Live Review: Unknown Mortal Orchestra at Chicago’s Lincoln Hall (3/7)


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    In a way, Unknown Mortal Orchestra did to psych-rock what James Blake did to R&B. Both artists punctured holes in well-trodden paths to clear space for new hybrids. But while the New Zealand trio’s studio strengths might hinge on their ability to bury inarguable hooks inside understated fuzz, in the flesh the band saddles up to make war on the air.

    I first crossed paths with UMO when they opened for Liars on last year’s WIXIW tour. Then, the band delivered a polite, droney set that was as easy to get lost inside as it was to ignore. Taking the stage at the sold-out Lincoln Hall as the headliners this time, Unknown Mortal Orchestra cut loose from their studio mold for an outpouring of raw, hot psych-rock that spilled out the holes deliberately left in their records.

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    First, two opening sets cited two different scenes of the ’70s. Newcomers Wampire enjoyed a solid, if nonchalant performance, showing up in sunglasses, certainly high. On tour with UMO from California, Foxygen played a set whose ferocity couldn’t be guessed at from their newly beloved LP We Are the 21st Century Ambassadors of Peace & Magic. Arriving as a fivesome, the band delivered a performance that brimmed with danger and joy. Singer Sam France veered between psychotic desire and disdain for the crowd that surrounded him, growling primally and crooning smoothly in turn. It was difficult to tell if the tension that centered on him was real or fabricated; at one point, he cut off a steady jam session with a glib “fuck it”, but Foxygen transitioned so smoothly into the next song it could have easily been all a part of the show. If it was an act, it worked; his volatile presence lent the songs a power beyond their twee studio incarnations.

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    The headliners, too, burst past their canned work. Unknown Mortal Orchestra’s charms, both on tape and off, largely stem from frontman Ruban Nielson’s ability to craft riffs from pieces he found in the sand. As a guitarist, he fills a niche he dug himself both in sound and physical style. His easy fingerpicking and the strap slung over just one arm suggest he’s been an autodidact at this game from day one; his musicianship is unorthodox and that’s precisely what makes it so compelling. Vocally, Nielson continues to wander intricate staircases, snapping complex verses back to earth with choruses so simple that the whole crowd was singing them on the way out of the venue. Lyrics hide beneath all the noise until they crystallize in painfully relatable clips: “I’m so lonely / But I can never quite reach the phone.” This is UMO’s strength: it’s maddeningly opaque until it becomes just translucent enough to keep us peering in.

    As a frontman, Nielson points his energy to the floor. Few bands can claim that their drummer has the most stage presence, but UMO wields that inverted pyramid largely to their benefit. Riley Geare (who first appeared onstage to cover Bowie with Wampire) sits so comfortably in his own skin that it’s hard at times to stay trained on the guys at the lip of the stage. He’s not showing off; the energy’s not forced. He’s just a powerhouse, deftly maneuvering between beats sourced from all over the popular lexicon. With bassist Jake Portrait, Unknown Mortal Orchestra boasts a rhythm section so locked in it could be transplanted seamlessly into a live hip-hop gig—or a post-hardcore show.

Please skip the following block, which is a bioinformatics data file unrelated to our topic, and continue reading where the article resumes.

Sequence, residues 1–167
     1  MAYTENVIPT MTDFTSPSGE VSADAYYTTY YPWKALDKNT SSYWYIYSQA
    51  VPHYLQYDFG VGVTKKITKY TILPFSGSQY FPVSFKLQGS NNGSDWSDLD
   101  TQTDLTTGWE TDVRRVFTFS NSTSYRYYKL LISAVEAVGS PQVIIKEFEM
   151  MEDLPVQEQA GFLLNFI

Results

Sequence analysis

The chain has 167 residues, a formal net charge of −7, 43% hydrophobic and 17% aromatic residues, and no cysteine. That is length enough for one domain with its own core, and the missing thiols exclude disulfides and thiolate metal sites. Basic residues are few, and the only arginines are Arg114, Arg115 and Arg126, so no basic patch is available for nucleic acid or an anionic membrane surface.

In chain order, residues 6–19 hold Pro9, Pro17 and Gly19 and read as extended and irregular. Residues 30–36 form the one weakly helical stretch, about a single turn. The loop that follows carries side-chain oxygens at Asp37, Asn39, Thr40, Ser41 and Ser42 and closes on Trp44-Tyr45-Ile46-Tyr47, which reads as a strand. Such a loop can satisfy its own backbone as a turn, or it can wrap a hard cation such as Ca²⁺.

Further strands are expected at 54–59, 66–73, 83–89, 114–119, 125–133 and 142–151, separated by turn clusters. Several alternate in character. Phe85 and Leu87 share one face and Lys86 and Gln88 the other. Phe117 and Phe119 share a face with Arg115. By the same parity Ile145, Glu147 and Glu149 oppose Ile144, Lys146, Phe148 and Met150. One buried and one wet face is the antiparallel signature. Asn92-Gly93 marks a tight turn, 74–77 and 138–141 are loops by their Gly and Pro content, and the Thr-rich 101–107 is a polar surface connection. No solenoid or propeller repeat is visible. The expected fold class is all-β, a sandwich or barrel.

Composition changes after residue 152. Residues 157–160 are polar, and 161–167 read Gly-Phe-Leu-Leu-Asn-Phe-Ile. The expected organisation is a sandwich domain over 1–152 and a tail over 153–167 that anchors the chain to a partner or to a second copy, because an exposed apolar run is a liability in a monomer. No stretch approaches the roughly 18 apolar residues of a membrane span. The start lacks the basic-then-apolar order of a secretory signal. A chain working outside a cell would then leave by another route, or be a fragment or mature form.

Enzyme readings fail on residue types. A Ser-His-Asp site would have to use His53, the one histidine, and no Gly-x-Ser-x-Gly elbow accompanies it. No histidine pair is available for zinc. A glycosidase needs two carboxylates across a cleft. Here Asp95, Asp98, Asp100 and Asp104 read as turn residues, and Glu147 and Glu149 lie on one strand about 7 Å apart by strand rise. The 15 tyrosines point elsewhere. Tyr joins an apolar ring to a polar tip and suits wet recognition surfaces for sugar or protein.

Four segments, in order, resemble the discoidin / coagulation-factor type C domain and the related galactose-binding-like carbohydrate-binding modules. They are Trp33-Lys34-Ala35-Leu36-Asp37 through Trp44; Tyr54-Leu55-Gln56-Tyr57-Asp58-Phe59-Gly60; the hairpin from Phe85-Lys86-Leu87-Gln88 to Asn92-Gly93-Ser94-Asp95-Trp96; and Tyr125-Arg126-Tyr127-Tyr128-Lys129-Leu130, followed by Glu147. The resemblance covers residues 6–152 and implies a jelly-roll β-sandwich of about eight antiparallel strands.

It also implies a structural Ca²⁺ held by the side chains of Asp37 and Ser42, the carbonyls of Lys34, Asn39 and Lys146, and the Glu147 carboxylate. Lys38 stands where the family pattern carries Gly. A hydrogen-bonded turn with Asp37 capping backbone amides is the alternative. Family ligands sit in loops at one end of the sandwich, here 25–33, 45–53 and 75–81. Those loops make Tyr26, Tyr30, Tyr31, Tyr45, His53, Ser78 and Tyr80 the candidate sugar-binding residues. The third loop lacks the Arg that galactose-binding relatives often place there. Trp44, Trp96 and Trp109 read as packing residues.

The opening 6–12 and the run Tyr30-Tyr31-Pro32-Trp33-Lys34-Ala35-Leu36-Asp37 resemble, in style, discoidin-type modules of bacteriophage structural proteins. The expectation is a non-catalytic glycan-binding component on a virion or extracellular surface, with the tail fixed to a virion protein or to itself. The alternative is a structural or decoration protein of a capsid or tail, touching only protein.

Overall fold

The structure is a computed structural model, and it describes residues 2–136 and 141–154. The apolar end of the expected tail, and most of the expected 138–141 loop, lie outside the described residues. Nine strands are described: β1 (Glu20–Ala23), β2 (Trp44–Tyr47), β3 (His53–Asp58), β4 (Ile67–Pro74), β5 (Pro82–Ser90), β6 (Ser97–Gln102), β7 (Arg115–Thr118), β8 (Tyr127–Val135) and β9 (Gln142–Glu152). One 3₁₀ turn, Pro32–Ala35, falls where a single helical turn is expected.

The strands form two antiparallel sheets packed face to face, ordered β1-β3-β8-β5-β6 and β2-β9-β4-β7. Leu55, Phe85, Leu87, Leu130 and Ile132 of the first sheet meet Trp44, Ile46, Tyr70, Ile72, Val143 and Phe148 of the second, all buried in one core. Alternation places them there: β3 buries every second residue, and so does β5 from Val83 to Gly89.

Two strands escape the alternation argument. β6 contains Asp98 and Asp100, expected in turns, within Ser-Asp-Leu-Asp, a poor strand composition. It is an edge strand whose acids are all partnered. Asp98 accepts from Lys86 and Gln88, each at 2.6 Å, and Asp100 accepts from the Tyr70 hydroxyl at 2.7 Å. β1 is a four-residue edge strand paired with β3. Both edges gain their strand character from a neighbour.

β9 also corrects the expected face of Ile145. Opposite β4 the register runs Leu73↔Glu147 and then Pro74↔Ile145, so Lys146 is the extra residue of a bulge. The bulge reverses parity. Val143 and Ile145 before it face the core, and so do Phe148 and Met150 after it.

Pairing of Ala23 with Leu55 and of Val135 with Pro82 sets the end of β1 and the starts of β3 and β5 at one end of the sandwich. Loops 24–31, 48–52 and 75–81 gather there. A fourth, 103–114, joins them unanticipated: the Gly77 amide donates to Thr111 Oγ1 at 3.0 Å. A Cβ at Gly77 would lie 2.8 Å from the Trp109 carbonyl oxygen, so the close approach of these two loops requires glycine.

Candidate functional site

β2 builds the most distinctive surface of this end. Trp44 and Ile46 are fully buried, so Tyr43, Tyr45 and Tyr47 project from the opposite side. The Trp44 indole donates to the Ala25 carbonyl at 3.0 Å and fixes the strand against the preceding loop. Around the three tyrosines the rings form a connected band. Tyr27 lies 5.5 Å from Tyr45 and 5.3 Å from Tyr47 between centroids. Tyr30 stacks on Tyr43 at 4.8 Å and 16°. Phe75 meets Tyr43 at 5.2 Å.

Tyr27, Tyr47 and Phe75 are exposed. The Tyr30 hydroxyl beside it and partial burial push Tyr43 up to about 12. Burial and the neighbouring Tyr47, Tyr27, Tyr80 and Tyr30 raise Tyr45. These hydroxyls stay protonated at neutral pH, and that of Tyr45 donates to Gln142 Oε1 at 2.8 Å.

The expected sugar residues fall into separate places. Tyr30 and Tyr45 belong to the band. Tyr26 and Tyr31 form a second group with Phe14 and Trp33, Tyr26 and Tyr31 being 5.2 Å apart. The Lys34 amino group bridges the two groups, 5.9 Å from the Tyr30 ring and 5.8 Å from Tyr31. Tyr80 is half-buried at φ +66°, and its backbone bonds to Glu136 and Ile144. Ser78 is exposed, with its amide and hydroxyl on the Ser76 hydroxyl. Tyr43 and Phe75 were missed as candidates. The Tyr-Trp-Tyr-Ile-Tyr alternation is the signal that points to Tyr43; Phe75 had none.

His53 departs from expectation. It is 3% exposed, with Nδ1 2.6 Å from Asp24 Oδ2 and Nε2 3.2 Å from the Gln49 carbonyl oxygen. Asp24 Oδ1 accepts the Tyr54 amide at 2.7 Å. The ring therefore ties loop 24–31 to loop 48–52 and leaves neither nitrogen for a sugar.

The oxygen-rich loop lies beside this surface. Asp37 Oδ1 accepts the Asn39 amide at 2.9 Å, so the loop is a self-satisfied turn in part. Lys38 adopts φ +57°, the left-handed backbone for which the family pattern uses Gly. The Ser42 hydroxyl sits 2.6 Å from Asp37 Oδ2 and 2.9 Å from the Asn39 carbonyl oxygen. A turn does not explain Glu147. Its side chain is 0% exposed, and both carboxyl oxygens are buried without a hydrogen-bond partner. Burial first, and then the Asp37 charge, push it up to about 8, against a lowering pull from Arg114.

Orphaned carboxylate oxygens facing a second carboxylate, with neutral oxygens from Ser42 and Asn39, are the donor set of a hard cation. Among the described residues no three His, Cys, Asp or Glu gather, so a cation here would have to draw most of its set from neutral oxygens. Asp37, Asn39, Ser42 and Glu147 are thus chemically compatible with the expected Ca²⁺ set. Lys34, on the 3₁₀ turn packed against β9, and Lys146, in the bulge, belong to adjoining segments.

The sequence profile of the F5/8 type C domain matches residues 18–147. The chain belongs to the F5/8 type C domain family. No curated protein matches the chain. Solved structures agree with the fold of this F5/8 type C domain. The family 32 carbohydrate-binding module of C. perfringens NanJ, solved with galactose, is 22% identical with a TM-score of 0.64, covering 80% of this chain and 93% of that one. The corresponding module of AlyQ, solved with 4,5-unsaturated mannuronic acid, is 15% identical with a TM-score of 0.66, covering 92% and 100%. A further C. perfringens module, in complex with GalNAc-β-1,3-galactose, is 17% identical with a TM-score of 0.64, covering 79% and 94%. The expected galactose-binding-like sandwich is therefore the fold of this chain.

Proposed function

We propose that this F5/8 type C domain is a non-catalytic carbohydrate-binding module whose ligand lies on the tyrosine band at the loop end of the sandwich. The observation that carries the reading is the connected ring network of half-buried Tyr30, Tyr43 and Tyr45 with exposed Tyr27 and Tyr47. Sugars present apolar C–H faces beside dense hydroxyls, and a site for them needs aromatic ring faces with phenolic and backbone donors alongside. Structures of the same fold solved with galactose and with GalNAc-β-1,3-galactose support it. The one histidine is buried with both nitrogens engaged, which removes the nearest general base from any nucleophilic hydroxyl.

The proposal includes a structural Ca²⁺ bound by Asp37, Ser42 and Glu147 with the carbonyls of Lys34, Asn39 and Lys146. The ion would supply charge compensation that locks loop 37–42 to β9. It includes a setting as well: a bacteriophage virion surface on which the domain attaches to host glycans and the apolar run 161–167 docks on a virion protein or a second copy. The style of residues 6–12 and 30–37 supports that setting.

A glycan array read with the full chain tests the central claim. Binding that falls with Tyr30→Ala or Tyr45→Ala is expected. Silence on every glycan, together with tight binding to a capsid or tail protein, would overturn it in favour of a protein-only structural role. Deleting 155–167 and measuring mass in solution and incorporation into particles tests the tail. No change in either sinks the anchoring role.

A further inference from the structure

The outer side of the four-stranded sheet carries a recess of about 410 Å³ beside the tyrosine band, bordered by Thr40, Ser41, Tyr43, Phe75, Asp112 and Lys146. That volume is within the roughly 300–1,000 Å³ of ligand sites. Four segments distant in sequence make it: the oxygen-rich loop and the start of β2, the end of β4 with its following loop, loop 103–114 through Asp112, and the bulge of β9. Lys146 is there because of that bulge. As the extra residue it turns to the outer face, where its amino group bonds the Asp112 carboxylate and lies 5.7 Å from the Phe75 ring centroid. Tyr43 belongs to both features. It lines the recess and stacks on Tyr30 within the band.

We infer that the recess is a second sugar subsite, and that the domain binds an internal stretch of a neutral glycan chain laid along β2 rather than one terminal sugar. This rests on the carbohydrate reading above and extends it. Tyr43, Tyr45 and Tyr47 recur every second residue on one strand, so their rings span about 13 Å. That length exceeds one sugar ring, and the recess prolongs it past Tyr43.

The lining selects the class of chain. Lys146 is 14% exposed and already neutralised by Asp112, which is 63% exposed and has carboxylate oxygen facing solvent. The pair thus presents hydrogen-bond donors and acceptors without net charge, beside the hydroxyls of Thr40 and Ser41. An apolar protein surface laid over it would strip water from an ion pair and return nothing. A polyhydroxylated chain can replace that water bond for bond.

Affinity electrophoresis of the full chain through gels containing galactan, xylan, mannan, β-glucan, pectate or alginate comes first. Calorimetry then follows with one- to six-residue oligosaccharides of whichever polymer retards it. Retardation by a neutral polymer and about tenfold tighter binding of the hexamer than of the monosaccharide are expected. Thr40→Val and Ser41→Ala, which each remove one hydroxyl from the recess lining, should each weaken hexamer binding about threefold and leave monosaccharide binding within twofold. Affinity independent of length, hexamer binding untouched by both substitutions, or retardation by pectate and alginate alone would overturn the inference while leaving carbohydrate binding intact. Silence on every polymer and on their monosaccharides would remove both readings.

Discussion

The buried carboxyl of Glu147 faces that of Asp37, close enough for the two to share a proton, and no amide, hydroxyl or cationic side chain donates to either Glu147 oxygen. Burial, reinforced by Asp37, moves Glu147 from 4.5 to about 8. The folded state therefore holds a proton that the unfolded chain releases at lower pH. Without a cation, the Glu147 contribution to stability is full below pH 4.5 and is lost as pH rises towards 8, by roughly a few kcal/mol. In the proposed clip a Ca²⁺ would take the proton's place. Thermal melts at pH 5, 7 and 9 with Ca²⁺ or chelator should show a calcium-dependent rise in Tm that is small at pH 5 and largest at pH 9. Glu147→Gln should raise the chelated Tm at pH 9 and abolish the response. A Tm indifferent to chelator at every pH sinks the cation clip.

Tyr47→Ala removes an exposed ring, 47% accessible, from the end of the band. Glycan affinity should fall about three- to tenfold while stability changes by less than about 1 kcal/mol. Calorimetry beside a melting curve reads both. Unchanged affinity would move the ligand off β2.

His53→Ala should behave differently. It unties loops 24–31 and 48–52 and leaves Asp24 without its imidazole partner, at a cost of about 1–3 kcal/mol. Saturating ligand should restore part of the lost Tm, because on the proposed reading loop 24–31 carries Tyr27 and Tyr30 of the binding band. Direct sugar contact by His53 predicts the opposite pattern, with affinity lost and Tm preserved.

Like a good conversation between new friends, Unknown Mortal Orchestra’s set took some time to find its groove. Nielson had to claw through some awful crust on his effects during opener “No Need For A Leader”, but soon settled into a more volatile take on the dry, wispy tone that fills UMO’s records. A few choice songs erupted into full-blown improv jams, most notably “How Can You Luv Me”, which shed its shy quirk entirely for a stomped-out feedback uproar by the finish.

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    But it wasn’t until the encore that the crowd even realized what we were, in essence, looking at. Taking on the late Jay Reatard’s 2006 cut “My Shadow”, Unknown Mortal Orchestra transformed into what they had resembled on the surface all along: a balls-out punk band. With Nielson’s withdrawn presence, it was easy to forget what the power trio usually performs. I couldn’t tell if he was looking at his shoes or simply had his eyes closed through the whole set, but either way I doubt he looked at the audience once. It didn’t matter by the end; “My Shadow” gave the band the excuse to turn themselves inside-out, to unwrap their skins for a bloody climax. After the tumult, “FFunny FFriends”—the band’s runaway hit, and probably the reason they ever made it to Chicago to play for us at all—stomped in with a full dose of adrenaline in its veins.

    It was a welcome release. Unknown Mortal Orchestra’s records do what they’re supposed to, and largely do it well. But UMO in real space fight throughout their set to escape from the cages they’ve built for themselves.

    Photos by Jeremy D. Larson.

    No Need For A Leader
    Swim and Sleep (Like A Shark)
    Thought Ballune
    How Can You Luv Me
    Strangers Are Strange
    Jello and Juggernauts
    From the Sun
    So Good at Being in Trouble
    Boy Witch
    My Shadow (Jay Reatard cover)
    Ffunny Ffriends